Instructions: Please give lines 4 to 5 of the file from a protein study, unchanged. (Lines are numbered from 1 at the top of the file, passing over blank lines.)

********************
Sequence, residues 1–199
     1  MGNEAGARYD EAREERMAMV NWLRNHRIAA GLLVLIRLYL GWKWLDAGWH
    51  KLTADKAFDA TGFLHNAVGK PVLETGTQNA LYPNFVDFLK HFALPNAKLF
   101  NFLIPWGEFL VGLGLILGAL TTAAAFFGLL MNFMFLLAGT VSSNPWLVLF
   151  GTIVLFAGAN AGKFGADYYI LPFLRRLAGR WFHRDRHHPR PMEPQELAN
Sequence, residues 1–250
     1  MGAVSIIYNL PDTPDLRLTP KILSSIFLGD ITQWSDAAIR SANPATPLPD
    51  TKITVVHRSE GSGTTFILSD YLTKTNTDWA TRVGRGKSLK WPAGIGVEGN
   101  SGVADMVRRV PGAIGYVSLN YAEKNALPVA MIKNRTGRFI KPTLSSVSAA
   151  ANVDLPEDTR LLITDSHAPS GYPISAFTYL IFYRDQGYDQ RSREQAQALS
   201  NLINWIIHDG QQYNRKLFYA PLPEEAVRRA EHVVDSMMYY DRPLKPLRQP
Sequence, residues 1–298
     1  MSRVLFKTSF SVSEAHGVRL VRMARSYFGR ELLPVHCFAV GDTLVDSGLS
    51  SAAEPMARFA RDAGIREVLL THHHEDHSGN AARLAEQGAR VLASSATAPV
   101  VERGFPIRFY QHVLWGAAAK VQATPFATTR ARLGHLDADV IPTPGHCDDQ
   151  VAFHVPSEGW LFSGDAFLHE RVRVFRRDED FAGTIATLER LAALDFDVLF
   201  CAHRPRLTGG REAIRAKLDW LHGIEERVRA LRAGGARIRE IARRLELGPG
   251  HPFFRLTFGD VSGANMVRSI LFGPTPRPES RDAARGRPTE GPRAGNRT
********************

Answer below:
   101  NFLIPWGEFL VGLGLILGAL TTAAAFFGLL MNFMFLLAGT VSSNPWLVLF
   151  GTIVLFAGAN AGKFGADYYI LPFLRRLAGR WFHRDRHHPR PMEPQELAN